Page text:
As McCain continued campaigning last weekend and throughout this week, Congressional leaders from both parties tweaked the three page Treasury proposal to prevent golden parachutes for CEOs whose companies participated in the taxpayer bailout, established a mechanism for the orderly disposition of illiquid assets, and defined oversight and regulatory functions to shore up an opaque financial services sector lacking accountability and transparency.
Although President Bush seemed to be playing a strangely distant, behind-the-scenes role in what amounts to the largest US government intervention in the private sector in American history, on Wednesday evening, the President addressed US citizens during a prime-time televised speech from the White House.
Bush told the country: "We're in the midst of a serious financial crisis, and the federal government is responding with decisive action."
By the time Bush spoke to the American people on Wednesday night, bipartisan congressional leaders had already by Tuesday reached broad agreement on the structure of any so-called bailout.
Hopes for a legislative remedy were strained Wednesday, September 24th, with the inexplicable announcement by McCain that he was suspending his presidential campaign to return to Capitol Hill and canceling a long awaited scheduled debate with the Democratic candidate, US Senator Barack Obama (D-IL) on Friday at the University of Mississippi.
It remains unclear what exactly McCain's presence in Washington was calculated to achieve: legislative negotiators had made substantive progress on crafting an acceptable bill until the near simultaneous announcements by the White House and the McCain campaign on Wednesday afternoon.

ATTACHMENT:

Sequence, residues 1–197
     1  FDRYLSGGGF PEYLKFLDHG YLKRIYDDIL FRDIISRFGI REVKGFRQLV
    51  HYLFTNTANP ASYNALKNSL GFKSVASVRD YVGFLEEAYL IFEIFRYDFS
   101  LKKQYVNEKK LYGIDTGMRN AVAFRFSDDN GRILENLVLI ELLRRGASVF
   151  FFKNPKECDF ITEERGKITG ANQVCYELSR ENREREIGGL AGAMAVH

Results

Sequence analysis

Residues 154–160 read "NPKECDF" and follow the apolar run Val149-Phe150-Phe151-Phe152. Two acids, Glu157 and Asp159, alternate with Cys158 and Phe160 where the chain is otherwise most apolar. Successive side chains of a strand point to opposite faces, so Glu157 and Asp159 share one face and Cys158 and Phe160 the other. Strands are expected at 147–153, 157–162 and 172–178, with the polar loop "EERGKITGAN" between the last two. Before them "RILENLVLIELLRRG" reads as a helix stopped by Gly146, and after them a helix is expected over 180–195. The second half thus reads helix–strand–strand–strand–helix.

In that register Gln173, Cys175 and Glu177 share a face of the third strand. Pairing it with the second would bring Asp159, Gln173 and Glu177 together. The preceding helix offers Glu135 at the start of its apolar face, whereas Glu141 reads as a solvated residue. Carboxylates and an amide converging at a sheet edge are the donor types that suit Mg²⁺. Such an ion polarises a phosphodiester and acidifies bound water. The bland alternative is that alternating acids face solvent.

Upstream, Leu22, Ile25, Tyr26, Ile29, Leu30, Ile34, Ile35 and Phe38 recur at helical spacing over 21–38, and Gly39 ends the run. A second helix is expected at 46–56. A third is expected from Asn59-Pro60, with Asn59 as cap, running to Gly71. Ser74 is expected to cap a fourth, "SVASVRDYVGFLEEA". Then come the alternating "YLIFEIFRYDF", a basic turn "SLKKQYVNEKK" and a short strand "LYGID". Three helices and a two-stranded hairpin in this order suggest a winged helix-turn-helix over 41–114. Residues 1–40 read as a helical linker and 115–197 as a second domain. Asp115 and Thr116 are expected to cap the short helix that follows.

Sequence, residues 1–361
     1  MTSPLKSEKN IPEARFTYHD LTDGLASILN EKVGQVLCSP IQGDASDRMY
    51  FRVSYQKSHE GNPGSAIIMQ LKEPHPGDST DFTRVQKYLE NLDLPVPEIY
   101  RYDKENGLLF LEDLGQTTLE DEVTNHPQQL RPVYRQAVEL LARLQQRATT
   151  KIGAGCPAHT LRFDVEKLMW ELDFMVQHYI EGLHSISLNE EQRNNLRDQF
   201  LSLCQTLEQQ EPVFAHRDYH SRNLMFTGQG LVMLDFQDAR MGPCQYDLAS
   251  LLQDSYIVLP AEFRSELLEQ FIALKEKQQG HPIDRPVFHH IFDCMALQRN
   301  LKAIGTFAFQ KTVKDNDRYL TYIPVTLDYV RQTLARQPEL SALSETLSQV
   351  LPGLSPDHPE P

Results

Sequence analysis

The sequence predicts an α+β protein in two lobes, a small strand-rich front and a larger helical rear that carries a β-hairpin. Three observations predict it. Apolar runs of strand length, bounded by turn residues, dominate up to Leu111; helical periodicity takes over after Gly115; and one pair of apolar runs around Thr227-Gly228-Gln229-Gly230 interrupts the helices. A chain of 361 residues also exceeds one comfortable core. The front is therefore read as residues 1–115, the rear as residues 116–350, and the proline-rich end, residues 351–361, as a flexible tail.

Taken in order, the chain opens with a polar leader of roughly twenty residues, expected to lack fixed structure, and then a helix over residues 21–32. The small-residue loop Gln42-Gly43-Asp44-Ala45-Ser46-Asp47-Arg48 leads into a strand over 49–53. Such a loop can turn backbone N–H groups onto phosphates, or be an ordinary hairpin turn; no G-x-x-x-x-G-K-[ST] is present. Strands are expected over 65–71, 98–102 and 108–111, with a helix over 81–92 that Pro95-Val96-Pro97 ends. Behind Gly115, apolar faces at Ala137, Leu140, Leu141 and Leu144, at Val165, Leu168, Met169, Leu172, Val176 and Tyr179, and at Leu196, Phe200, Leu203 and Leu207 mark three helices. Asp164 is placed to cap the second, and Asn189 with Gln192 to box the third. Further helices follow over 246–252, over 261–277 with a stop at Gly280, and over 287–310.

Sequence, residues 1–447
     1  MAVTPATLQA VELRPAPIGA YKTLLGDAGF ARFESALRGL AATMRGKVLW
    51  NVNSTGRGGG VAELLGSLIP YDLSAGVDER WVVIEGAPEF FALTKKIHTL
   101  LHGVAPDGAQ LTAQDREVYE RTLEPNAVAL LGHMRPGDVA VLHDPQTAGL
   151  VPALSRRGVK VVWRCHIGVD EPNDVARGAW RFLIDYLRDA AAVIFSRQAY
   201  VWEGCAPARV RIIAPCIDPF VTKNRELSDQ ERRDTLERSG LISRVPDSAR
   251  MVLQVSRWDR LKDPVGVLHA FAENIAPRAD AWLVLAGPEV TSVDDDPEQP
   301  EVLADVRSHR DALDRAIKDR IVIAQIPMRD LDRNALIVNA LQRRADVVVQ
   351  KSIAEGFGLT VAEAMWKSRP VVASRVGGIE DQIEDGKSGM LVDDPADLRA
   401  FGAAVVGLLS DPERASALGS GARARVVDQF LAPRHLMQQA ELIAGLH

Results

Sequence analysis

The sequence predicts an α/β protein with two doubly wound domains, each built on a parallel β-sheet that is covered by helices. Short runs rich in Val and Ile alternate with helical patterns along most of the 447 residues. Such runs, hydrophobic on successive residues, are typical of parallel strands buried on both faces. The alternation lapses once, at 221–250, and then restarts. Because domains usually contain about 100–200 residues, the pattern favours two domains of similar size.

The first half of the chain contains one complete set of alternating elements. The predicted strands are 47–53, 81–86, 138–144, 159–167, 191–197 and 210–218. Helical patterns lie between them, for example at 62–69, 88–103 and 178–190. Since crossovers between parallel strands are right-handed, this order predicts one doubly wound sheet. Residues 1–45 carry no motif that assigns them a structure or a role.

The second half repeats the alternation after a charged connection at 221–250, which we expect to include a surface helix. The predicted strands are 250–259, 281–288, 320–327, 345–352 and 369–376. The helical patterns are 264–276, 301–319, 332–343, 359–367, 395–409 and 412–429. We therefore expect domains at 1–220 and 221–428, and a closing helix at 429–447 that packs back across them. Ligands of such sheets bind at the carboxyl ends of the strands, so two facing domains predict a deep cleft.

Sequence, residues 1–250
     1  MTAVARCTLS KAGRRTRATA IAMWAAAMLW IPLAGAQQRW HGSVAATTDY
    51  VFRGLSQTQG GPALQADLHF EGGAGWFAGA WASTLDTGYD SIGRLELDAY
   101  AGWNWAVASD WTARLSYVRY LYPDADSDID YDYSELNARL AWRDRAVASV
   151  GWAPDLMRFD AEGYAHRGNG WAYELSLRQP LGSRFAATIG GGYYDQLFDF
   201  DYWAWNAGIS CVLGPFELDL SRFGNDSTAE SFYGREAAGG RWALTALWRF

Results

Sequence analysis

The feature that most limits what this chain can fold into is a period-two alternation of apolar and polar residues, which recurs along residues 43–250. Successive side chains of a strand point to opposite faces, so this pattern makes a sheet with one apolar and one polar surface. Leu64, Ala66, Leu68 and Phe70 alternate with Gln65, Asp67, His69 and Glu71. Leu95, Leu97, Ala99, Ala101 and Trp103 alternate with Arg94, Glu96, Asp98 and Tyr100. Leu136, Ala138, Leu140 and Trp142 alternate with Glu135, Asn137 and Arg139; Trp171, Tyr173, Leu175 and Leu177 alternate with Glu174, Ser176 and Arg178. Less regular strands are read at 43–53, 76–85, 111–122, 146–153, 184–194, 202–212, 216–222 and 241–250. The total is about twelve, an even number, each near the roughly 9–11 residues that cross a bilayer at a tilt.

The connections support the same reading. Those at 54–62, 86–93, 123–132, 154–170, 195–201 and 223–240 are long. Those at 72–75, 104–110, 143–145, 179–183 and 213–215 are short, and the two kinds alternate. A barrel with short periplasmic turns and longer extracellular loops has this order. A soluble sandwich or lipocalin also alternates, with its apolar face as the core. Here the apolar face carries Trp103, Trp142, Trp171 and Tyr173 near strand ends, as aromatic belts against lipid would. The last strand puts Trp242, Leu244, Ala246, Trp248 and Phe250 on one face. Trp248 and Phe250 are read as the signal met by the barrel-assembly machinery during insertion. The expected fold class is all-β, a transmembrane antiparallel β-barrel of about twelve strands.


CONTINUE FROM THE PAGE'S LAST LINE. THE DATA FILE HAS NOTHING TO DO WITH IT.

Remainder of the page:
On Thursday afternoon the leadership of Congress, Bush, McCain, and Obama met at the White House to reach some consensus on finalizing the financial bailout legislation. Instead the GOP leadership essentially walked out of discussions claiming to never have supported the Republican White House proposal from its inception.
The DJIA, NASDAQ, and S&P 500 indices were all down on the open going into Friday morning trading.
McCain has not decided if he will attend tonight's presidential debate at Ole Miss apparently opting to stay in Washington to further muddle the legislative waters by injecting presidential politics into the lawmaking process.
McCain a twenty-five year Washington insider, having served in the US Congress since 1983, was implicated for his involvement in the Keating Five incident surrounding the savings-and-loan crisis in the late 1980s and early 1990s. Although rebuked for exercising poor judgement in the Keating matter by the Senate Ethics Committee, McCain was not charged with criminal wrongdoing.
McCain himself noted about his involvement in the Keating Five: "The appearance of it was wrong. It's a wrong appearance when a group of senators appear in a meeting with a group of regulators, because it conveys the impression of undue and improper influence. And it was the wrong thing to do."
It is unclear what McCain learned from his involvement in the savings-and-loan scandal and what lessons from that crisis he is applying to today's broader financial meltdown. McCain's cancelation of his participation in tonight's televised debate diminishes the public's opportunity to hear his answer to that question on the very same day that Washington Mutual, the country's largest savings-and-loan, has failed.